The future of music and AI needs music makers and technology to work in harmony
AI has had a lot of coverage with concern expressed about the impact on music and copyright. Do you think perceptions of the technology are too negative - will AI benefit the music industry overall?
“AI is not new and it’s not just one thing either, it covers a whole host of technologies and uses. It’s also here to stay so we have to be proactive in the way we approach it and shape it in a way that we like. Negative perceptions are valid if we aren’t in control and the technologies are designed to replace us, but the way we approach AI is all about starting with the human and expanding from there.
“I think it’s a really positive sign that so many people are passionate and vocal about getting this right. The music industry is a series of technological steps, this is the next one. AI offers new solutions and possibilities that didn’t exist before and these can be very beneficial if we guide it that way. For our part, DAACI has been working with groups across the music industry to share the benefits of AI. If we work together we can make sure everyone in the music-making process is supported and compensated while continuing to create beautiful high-quality music.”
How important was your inclusion in the Abbey Road Red incubator programme? And how is DAACI working with the music industry and music creators?
“The team at Abbey Road are incredibly supportive and sensitive to what we are striving to achieve with DAACI. We are building our system as a creative tool for the likes of the very people that walk their halls so advice, guidance and feedback from within the industry are crucial to our mission. We have an incredibly powerful system and together with the industry we can build something special that is value adding for artists, composers, producers and music makers of all kinds. We have been able to speak to incredible people within Abbey Road Studios and UMG, pitch our ideas and technology, get their feedback and steer on how we should develop it, whilst respecting artist rights and ethics and so much more.
“We have also had the recent privilege of completing the 12-week long ASCAP Labs Music and AI Challenge. It’s so important to take this kind of opportunity to interact with music makers at the top of their game to learn and listen to feedback. We’ve actively pursued opportunities with groups and industry leaders like ASCAP, Abbey Road Studios and The Ivors Academy because by working together they recognise DAACI as being at the forefront of creator-first AI. That’s an incredible privilege and their trust means a lot.”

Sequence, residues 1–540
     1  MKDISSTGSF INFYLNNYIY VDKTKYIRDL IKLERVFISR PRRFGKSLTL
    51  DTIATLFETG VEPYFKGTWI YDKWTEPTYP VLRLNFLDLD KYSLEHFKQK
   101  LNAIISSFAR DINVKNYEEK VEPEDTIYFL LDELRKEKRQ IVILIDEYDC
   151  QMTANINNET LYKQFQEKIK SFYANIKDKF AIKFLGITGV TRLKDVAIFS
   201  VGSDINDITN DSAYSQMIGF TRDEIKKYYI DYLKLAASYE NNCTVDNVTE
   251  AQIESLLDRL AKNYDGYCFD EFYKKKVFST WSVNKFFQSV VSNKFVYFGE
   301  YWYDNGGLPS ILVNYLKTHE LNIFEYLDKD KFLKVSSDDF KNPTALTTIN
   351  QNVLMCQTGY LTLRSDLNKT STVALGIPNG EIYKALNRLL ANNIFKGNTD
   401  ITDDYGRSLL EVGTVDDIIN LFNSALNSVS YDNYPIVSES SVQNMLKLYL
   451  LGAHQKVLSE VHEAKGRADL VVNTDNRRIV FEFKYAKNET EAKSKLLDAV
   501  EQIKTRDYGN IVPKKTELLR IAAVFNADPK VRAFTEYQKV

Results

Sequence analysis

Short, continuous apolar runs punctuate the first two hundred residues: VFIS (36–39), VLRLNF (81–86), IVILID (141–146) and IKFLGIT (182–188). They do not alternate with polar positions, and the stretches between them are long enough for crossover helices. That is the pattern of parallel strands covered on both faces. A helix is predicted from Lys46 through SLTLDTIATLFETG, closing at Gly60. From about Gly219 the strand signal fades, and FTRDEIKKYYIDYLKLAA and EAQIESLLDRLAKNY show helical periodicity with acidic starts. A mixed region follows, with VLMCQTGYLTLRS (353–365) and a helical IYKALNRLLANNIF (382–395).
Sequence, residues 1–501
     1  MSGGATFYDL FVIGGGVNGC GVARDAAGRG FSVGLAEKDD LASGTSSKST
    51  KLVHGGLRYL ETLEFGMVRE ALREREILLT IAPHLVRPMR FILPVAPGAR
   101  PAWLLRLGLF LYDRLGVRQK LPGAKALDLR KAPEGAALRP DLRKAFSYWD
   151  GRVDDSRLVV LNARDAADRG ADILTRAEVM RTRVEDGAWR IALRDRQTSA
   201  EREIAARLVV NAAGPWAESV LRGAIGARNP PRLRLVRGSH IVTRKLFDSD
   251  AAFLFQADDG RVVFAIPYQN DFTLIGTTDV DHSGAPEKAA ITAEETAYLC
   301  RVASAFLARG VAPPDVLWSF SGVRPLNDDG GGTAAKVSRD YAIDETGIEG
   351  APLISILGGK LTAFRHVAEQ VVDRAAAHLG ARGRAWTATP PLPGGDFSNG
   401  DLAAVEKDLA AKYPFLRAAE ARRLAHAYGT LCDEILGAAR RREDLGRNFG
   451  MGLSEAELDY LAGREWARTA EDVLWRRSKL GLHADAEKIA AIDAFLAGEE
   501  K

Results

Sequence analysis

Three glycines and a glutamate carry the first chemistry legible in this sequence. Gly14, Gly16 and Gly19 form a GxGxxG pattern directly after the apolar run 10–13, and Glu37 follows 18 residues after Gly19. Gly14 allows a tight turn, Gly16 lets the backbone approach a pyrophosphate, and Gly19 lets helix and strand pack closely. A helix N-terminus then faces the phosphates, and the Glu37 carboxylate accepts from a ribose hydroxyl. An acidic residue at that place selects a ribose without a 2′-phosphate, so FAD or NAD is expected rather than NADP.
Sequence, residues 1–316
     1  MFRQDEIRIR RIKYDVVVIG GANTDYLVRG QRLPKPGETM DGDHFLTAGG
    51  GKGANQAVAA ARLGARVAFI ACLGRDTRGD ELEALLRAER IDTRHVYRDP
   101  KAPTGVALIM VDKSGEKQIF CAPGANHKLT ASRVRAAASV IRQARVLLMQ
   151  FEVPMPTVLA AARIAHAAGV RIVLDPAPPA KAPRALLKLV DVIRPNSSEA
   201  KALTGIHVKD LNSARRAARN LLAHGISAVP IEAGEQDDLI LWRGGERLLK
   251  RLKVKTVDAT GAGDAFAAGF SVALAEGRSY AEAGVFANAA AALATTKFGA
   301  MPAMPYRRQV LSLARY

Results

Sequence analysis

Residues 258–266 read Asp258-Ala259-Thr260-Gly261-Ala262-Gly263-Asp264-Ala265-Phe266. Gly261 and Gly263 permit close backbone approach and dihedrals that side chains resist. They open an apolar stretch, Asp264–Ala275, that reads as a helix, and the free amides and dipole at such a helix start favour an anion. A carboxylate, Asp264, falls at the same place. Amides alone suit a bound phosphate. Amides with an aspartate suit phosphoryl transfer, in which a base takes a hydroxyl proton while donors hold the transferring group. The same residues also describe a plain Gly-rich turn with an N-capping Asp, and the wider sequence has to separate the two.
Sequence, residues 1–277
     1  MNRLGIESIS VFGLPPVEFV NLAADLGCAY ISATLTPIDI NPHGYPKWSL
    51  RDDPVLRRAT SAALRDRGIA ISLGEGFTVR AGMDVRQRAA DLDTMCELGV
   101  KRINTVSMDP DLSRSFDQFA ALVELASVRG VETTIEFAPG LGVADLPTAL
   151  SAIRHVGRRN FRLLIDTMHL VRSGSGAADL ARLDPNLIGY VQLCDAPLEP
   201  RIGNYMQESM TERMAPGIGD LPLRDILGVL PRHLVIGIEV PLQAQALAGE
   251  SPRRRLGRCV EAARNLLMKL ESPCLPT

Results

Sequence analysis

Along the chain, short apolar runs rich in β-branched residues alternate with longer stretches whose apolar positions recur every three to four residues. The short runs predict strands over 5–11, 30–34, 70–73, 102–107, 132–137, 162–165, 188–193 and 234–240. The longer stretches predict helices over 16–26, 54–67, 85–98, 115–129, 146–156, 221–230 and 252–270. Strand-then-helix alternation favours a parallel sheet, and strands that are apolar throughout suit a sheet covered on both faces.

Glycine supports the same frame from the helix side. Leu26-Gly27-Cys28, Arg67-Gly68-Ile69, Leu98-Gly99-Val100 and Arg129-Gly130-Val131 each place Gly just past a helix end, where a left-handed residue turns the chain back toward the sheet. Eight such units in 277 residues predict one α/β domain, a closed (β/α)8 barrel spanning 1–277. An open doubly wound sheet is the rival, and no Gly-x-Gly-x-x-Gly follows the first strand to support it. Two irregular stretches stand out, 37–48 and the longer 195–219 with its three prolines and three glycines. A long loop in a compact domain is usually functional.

How is the company expanding in terms of staffing and any global presence?
“I am so fortunate and proud to be part of such a unique team of talented and passionate musicians, researchers and developers. The team is growing fast, and so is our presence globally. Appearances at industry conferences and events, like our co-head of research Dr Nadine Kroher, who recently spoke on a AI related panel in Bergen, the Ivors Global Summit in London, and the ASCAP Experience in LA, where I joined the ASCAP board in conversation, all help raise the profile of DAACI’s work into music and AI.
“It’s also worth mentioning that we have many people reach out to us on socials and the website. We love the curiosity, openness and questions that they’re bringing and it’s a great feeling to share our passion and vision.”
What are the plans for DAACI? What developments and features are on the way?
“It’s an exciting time for DAACI! We are revealing elements of the DAACI system in various product teasers and releases over the next year. Natural Edits, which will debut in a B2B setting, is a simple yet powerful tool that allows users to discover and edit tracks for sync. We’re also very excited to release our first B2C teaser product for all music creators. This will be the first in a series of launches that will allow users to integrate the DAACI system into their workflow. We can’t wait to see what people do with our tools, and to hear the music they’ll make.”